For a long time, Philip Pullman’s been my favorite living writer. And for practically as long as I’ve loved his stories, particularly The Golden Compass, I’ve been aware of his harsh criticisms of C.S. Lewis and J.R.R. Tolkien. (That’s actually how I found this site, as I was researching recent discussions on the topic and came across this post from last January. I hope that in some respects what follows will be a continuation of the discussion Brenton and his readers were having there in the comments.)
Whatever your feelings about him might be, Pullman’s been back in the news lately with the release of a trailer for the new BBC adaptation of The Golden Compass (not to be confused with the regrettable 2007 feature film) and the announcement of an October release of his next book.
It’s a little awkward. Tolkien and Lewis are authors whose works are beloved, and without whom I probably would never have been led to discover Pullman–not only since they formed my taste for the sort of genre his books most nearly fit into, but since The Hobbit and The Chronicles of Narnia paved the way for publishers to seek out and promote books like His Dark Materials in the first place. Thus, along with the awkwardness of liking all of them together–something that would have been latent in the case of Lewis and Tolkien anyway, even without all of Pullman’s provocations–there’s an added discomfort, a sense that Pullman is being ungrateful for all they have done for him.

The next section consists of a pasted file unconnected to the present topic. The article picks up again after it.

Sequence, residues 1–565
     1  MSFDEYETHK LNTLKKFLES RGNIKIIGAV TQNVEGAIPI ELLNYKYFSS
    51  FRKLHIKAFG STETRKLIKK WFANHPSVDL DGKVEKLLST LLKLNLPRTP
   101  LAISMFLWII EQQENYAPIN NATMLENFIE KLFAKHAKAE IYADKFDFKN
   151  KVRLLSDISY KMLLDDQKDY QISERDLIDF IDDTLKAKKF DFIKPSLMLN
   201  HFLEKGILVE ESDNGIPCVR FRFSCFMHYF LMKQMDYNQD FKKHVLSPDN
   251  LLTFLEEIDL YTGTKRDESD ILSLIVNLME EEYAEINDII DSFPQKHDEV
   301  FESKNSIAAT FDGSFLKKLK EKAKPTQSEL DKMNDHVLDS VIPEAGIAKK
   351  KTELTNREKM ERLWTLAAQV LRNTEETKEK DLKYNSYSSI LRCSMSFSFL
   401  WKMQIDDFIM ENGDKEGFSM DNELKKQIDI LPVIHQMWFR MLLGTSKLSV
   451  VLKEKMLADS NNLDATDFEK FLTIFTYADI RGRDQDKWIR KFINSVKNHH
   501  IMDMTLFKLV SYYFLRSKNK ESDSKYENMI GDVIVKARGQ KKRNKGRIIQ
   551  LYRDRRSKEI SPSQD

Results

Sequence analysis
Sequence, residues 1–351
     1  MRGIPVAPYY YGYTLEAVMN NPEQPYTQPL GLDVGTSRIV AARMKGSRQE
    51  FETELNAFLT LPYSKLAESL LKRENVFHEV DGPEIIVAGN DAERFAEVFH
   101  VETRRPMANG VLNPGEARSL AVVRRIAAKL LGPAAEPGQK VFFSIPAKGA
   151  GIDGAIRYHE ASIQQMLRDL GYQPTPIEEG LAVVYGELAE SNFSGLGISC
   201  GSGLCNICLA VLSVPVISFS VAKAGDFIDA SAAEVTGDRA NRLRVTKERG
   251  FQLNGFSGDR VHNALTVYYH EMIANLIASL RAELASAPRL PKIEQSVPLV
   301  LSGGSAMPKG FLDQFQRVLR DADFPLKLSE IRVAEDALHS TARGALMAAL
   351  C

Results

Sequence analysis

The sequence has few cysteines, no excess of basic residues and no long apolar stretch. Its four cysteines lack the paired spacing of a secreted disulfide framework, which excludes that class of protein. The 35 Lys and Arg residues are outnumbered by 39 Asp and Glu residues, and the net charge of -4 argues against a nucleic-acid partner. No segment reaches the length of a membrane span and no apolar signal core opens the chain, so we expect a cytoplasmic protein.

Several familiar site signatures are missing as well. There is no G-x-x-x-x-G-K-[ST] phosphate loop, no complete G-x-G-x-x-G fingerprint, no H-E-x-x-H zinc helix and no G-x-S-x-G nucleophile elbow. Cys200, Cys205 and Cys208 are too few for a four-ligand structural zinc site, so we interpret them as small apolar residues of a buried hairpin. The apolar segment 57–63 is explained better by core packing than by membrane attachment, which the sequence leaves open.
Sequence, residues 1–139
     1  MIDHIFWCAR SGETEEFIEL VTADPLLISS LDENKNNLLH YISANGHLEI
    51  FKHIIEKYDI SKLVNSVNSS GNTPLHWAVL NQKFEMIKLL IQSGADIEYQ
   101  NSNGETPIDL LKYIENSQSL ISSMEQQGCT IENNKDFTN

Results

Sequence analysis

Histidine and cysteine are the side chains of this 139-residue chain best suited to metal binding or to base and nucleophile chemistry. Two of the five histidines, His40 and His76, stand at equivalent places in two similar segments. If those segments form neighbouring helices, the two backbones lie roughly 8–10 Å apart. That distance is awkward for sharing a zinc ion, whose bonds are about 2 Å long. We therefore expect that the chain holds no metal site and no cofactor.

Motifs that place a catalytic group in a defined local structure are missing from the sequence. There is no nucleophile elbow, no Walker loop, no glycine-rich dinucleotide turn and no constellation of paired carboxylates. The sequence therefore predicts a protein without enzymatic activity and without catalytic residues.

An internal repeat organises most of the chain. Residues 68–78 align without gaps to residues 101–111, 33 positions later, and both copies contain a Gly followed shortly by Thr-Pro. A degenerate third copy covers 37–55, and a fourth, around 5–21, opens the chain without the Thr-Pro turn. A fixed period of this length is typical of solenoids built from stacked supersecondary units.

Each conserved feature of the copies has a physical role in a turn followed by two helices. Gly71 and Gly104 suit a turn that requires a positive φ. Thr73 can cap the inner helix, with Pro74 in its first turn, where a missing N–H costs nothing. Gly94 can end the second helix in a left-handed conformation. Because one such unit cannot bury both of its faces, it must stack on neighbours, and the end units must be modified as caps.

To pass over the well-documented wardrobe allusion embedded in his story, these words of the Librarian of Jordan College at the close of Chapter 2 of The Golden Compass might suggest Pullman is not unaware of his debt to his forebears:
“That’s the duty of the old,” said the Librarian, “to be anxious on behalf of the young. And the duty of the young is to scorn the anxiety of the old” (32).
For years, Pullman has aired his critiques much more overtly in interviews and talks, providing plenty of fodder for us, fans and scholars alike, to think about and respond to. He has rather cannily gotten his name linked inextricably with Lewis’, in particular, and I have to suspect that at least to some degree his attacks spring from emulation in the older sense of ambitious rivalry, as well as the newer, of imitation; that he, as much as any poet, suffers from a certain anxiety of influence and misprizes those he must contend with.